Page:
Freelance Misclassification Settlement Costs Virginia Company $743,443
A simple error in worker misclassification could cost your business millions in fines and legal fees. Learn more in this @WorkMarket blog: https://bit.ly/2MvjtKc
Recently, a direct mail company in Virginia paid $743,443 in back wages and liquidated damages to 73 employees to resolve violations of overtime and recordkeeping provisions of the Fair Labor Standards Act, the US Department of Labor announced.
An investigation by the US Department of Labor’s Wage and Hour Division found RPG Enterprise LLC, doing business as Planet Direct Mail, misclassified production employees as independent contractors, and failed to pay them overtime when employees worked more than 40 hours in a workweek. The Manassas, Virginia company also failed to maintain records required by law.
The company paid an additional $32,099 in penalties.
The growing trend of worker misclassification has been one of the biggest storylines within the rise of the freelance economy. Since 2013 more than one-third of mid-size U.S. businesses have been fined or penalized for non-compliance, according to ADP.
Within the last two years, a number of leading businesses have experienced a surge of lawsuits alleging worker misclassification, including:
- Amazon’s drivers in 2016 filed a class-action lawsuit in Seattle claiming the company violated federal labor laws by classifying them as independent contractors rather than employees.
- Uber was slammed with a $100 million settlement for a similar misclassification claim with their drivers.
- FedEx agreed to pay $240 million to settle a lawsuit filed by delivery drivers in 20 states, who were also claiming they had been misclassified as independent contractors.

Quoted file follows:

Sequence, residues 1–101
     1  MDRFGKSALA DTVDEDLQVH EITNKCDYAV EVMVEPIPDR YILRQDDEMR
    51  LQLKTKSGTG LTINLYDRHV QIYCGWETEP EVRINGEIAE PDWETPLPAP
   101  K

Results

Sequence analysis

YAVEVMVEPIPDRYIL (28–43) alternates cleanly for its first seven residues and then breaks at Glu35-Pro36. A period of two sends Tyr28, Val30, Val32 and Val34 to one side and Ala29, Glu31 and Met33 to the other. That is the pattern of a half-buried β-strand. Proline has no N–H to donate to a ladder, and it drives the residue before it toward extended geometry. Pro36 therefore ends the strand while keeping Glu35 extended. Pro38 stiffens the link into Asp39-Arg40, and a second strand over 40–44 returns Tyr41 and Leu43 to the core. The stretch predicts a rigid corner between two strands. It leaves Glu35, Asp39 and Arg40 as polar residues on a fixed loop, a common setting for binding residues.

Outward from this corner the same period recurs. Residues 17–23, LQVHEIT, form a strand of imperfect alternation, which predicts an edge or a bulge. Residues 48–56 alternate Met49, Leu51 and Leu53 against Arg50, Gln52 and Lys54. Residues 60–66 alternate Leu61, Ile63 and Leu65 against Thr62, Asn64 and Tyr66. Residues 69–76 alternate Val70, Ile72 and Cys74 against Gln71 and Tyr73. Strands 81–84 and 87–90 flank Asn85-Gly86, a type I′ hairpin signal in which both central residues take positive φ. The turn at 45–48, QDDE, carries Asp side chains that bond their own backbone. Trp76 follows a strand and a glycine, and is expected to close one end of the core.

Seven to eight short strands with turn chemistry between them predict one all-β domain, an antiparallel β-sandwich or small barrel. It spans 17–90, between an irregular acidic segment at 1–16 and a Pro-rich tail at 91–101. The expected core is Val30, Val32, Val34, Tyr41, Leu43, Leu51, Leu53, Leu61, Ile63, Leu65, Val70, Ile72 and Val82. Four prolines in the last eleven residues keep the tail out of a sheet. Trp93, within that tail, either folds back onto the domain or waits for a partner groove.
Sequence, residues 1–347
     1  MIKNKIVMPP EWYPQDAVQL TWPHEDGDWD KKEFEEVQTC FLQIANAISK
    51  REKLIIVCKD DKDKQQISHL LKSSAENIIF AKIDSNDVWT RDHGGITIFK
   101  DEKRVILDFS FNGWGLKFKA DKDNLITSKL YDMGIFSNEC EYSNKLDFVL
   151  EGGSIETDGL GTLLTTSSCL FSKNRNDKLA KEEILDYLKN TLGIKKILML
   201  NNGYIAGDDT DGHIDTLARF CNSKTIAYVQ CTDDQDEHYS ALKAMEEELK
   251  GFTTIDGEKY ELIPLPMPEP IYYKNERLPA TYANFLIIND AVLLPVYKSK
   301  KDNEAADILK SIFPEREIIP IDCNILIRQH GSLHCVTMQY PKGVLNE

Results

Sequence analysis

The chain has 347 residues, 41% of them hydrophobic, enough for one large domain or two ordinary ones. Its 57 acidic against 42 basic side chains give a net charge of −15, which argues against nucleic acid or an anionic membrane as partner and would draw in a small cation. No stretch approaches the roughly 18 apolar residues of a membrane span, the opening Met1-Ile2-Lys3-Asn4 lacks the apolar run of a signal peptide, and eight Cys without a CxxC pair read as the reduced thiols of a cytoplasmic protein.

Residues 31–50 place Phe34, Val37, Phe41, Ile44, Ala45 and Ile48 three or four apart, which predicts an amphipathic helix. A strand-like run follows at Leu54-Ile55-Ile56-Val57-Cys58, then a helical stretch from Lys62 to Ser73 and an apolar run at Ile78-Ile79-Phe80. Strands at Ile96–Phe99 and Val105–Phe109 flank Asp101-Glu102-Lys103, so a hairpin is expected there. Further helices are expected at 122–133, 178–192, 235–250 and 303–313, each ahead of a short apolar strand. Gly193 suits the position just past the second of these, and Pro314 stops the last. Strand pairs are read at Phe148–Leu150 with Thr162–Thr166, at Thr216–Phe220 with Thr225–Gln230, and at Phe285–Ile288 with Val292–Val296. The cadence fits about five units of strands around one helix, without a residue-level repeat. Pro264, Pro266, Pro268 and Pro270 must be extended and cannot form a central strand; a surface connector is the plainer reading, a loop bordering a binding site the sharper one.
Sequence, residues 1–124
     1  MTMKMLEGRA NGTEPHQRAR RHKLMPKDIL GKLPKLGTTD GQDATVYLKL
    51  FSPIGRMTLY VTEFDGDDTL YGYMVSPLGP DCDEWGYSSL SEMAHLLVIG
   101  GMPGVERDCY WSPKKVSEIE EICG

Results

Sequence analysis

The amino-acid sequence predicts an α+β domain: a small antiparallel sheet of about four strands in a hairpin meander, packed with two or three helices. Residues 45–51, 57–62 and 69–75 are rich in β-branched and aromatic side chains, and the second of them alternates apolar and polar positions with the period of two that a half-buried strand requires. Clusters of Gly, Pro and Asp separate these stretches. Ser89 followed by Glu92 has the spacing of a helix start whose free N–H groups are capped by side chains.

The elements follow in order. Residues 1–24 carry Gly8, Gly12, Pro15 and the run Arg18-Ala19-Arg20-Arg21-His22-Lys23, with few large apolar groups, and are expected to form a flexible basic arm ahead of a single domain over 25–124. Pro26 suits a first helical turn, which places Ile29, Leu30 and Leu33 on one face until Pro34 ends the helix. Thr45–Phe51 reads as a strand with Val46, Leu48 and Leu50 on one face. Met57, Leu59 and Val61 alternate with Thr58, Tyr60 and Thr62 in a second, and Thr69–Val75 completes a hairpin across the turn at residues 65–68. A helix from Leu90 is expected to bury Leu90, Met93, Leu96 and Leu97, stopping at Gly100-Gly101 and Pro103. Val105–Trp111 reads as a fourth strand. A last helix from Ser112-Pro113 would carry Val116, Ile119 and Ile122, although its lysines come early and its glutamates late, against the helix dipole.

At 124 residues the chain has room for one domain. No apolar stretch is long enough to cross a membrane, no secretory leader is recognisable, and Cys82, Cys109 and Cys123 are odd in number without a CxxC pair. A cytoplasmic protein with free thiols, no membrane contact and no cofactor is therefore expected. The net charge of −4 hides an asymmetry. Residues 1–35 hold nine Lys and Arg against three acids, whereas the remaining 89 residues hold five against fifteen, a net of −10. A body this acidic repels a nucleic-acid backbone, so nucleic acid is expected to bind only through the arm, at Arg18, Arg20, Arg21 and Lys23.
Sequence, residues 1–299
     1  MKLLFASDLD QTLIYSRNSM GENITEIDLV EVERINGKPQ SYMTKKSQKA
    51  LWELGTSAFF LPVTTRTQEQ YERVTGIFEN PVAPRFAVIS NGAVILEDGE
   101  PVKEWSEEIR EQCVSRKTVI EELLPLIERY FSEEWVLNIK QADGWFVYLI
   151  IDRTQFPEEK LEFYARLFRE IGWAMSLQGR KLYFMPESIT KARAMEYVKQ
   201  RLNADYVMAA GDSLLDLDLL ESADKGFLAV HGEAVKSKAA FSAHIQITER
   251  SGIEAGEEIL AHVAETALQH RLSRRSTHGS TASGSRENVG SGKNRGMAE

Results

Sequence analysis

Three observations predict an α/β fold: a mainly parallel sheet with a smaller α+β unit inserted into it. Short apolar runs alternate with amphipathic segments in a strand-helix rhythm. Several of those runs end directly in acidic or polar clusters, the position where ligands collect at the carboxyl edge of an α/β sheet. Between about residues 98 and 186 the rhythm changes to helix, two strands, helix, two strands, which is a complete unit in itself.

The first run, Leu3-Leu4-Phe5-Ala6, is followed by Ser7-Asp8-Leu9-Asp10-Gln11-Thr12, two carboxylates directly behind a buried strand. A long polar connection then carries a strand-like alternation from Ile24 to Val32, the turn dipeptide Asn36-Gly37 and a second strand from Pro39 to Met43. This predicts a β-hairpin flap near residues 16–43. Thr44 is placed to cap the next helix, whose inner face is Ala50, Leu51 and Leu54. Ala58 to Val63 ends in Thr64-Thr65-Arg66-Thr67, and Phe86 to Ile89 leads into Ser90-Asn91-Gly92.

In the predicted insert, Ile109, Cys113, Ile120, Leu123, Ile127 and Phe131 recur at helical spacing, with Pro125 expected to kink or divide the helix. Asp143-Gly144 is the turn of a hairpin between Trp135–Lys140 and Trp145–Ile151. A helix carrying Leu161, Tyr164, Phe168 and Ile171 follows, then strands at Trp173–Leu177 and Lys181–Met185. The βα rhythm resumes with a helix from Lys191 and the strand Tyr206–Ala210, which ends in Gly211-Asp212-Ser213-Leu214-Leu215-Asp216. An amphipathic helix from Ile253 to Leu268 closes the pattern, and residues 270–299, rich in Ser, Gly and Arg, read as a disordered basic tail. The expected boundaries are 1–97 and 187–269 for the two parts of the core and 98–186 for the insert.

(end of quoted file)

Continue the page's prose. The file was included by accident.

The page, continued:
What is worker misclassification and why is it so important?
Worker misclassification involves classifying workers as 1099 independent contractors when they should be classified as W-2 employees. Businesses are required by law to ensure their workers- both W-2 employees and 1099 independent contractors- are properly classified.
When workers are improperly classified, they are deprived of various rights and protections including the minimum wage, overtime compensation, unemployment insurance, healthcare, pension, and workers’ compensation insurance.
Misclassification also undermines federal and state revenue collections and creates an unfair playing field for employers who properly classify their workers.
As the use of freelance and contract labor continues to grow, businesses will need to invest in tools and technology that allow them to properly manage and engage freelancers in accordance with their corporate protocols, as well as regulatory guidelines. While there are incredible benefits to strategically deploying a freelance workforce, the cost of worker misclassification and non-compliance can be costly.
Depending on the severity of infractions, fines for worker misclassification levied by the IRS, DOL and state agencies can total millions. IRS penalties for misclassifying workers as 1099 contractors can range from 22%-43% of all contractors’ earnings retroactive to the initial engagement.
To learn more about best practices for properly managing your freelance workforce, and request a copy of our "Classification Golden Rules," email [email protected] To request our "Classification 101" whitepaper, click here.